Business Irish

Saturday 23 September 2017

For politics' sake, may the giving hand never falter

Nick Webb and Eoghan Williams

A LIST of rich political donors once read like a Who's Who of Irish property developers. Indeed, Fianna Fail's house magazine, The Nation, was at one point so stuffed with ads from friendly builders that it was a Who's Who of property tycoons -- with a dash of soft FF propaganda tacked on.

The ads must have more than covered printing costs. The surplus surely provided another revenue stream for the party, alongside its tent at the Galway Races and more direct cash payments.

An annual list of political donations is filed with the Standards in Public Office Commission each year. The returns give an insight into the political leanings of some of the country's most prominent and wealthy businesspeople. Donations to Fianna Fail have been -- unsurprisingly -- dominated by the builders and property developers.

Nama 'names' Paddy McKillen and Gerry Gannon were donors to the party -- both were also named as part of the Anglo golden circle. Johnny Ronan's Treasury Holdings and associated companies have also been a major donor -- primarily to Fianna Fail -- in recent years.

However Fine Gael's Jim O'Keeffe received ¿2,500 from Treasury Holdings in 2007 and a further ¿2,500 from the Spencer Dock company the same year.

Developers Ken Rohan and Noel Smyth have also donated to Fianna Fail candidates, according to the SIPO filings.

Bill Cullen's Glencullen Distributors donated ¿2,500 to Mary Hanafin in 2007, with Trinity Biotech's Ronan O'Caoimh also backing Fianna Fail's Joe Behan.

Poker-playing carpet king Noel Furlong donated ¿1,358 to Sean O'Feargail, with Michael Kelly's technology group Fineos giving ¿1,500 to Micheal Martin in 2007.

Large donations to Fianna Fail itself are thin on the ground, with most donations going to candidates. John Boyle's bookmaking firm Boylesports did give ¿6,300 to Fianna Fail, with Mosney Irish Holidays also giving ¿5,500.

Fine Gael and other parties don't have prominent backers, although the Barry's Tea family gave over ¿4,000 to Cork TD Deirdre Clune -- herself part of the family. U2 manager Paul McGuinness donated ¿2,500 to Fine Gael's Andrew Doyle, while Fexco founder and Kerry entrepreneur Brian McCarthy donated ¿1,000 to Jackie Healy-Rae according to the filings.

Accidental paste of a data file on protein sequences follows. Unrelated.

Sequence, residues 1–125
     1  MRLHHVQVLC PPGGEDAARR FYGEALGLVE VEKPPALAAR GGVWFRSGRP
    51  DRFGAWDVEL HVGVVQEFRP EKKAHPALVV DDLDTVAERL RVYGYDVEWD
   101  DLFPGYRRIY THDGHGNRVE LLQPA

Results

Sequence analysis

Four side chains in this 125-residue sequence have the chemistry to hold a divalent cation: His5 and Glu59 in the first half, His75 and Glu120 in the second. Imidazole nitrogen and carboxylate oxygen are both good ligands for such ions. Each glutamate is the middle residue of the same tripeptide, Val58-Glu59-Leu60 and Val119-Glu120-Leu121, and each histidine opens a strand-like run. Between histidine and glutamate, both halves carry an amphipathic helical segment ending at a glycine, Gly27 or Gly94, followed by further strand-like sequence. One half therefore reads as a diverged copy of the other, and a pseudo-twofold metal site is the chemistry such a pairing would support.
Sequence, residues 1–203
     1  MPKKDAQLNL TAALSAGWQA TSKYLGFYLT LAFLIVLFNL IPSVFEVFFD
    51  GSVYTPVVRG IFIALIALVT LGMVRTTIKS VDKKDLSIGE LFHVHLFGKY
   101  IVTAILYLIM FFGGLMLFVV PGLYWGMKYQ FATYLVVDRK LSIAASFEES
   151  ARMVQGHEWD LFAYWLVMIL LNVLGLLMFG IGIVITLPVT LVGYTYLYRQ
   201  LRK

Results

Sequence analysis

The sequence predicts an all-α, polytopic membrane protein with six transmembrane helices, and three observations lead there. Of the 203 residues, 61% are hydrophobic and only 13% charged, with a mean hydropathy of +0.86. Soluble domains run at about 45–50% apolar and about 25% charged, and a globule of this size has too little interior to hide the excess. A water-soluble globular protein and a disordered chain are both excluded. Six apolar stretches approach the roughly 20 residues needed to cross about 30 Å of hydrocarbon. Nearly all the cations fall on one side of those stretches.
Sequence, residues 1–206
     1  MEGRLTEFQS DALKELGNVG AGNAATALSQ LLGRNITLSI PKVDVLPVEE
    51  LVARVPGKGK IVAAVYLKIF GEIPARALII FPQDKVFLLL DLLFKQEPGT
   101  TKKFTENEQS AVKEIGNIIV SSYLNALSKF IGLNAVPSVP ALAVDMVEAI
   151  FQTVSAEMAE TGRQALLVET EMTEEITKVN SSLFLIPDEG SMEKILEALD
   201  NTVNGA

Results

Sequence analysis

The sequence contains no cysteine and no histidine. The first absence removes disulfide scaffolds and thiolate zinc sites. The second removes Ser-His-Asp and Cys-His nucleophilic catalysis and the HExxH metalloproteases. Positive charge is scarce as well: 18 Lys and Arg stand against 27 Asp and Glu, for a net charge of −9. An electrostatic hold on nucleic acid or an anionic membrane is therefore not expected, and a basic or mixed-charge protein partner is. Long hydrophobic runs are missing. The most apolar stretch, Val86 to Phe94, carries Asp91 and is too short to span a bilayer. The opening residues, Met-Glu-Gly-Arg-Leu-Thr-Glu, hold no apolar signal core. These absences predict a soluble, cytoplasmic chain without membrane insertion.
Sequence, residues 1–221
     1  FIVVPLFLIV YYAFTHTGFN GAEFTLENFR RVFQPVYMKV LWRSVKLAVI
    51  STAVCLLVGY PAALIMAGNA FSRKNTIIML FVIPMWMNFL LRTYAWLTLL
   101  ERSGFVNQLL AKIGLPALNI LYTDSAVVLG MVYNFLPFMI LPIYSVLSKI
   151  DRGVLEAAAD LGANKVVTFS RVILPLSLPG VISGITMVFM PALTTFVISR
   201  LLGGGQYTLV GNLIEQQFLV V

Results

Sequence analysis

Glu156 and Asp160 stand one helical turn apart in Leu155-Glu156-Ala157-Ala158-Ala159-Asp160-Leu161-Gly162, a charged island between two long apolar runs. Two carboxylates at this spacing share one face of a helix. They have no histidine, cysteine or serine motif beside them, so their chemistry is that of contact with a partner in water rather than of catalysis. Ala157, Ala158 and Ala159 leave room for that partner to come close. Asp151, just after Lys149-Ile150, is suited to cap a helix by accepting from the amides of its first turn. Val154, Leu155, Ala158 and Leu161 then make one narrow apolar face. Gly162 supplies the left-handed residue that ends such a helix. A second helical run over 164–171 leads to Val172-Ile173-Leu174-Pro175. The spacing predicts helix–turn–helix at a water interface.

Irish multi-millionaires are also active in supporting British politicians. Ed Haughey, a one-time Fianna Fail appointee to the Senate but now an Ulster Unionist in the House of Lords, once held the record as the biggest donor to the Conservative Party. Haughey, now Lord Ballyedmond, has donated over ¿1m and counting.

He has previously allowed the Tories to use a helicopter -- reportedly his preferred mode of transport between his castles in Rostrevor, Co Down, and Cumbria. Haughey, who owns Newry-based veterinary drugs firm Norbrook and Haughey Air, also owns two islands on Lake Victoria, Uganda.

Dermot Desmond, billionaire owner of Celtic FC, owns a stake in UK firm Venson Automotive Solutions, which donated £50,000 to the Conservative Party.

Sean Mulryan, of Ballymore Properties fame, and Paddy Kelly own Markland Holdings (UK), which has given ¿100,000 to the Conservative Party.

Donegal-born Sir Gerry Robinson, former chairman of Granada TV, has given ¿70,000 to the British Labour Party, as well as appearing in a party political broadcast. However, he has since expressed concerns about Gordon Brown's leadership abilities.

Airtricity, which at the time was run by Eddie O'Connor, has given a donation of ¿5,000 to the Scottish Labour Party.

Irish companies have also been heavily involved in funding presidential, senate and congressional candidates in the United States.

Under the helm of Liam O'Mahony -- the new chairman of the IDA -- industrial giant CRH was very active in funding US politicians through the political action committee (PAC) of its US subsidiary Oldcastle. The group has raised over $1m for politial donations since 2002, although not all of the money has been allocated.

When under the control of Michael Smurfit, the Smurfit Group donated $10,000 to the Republican party through its US operation's political action group.

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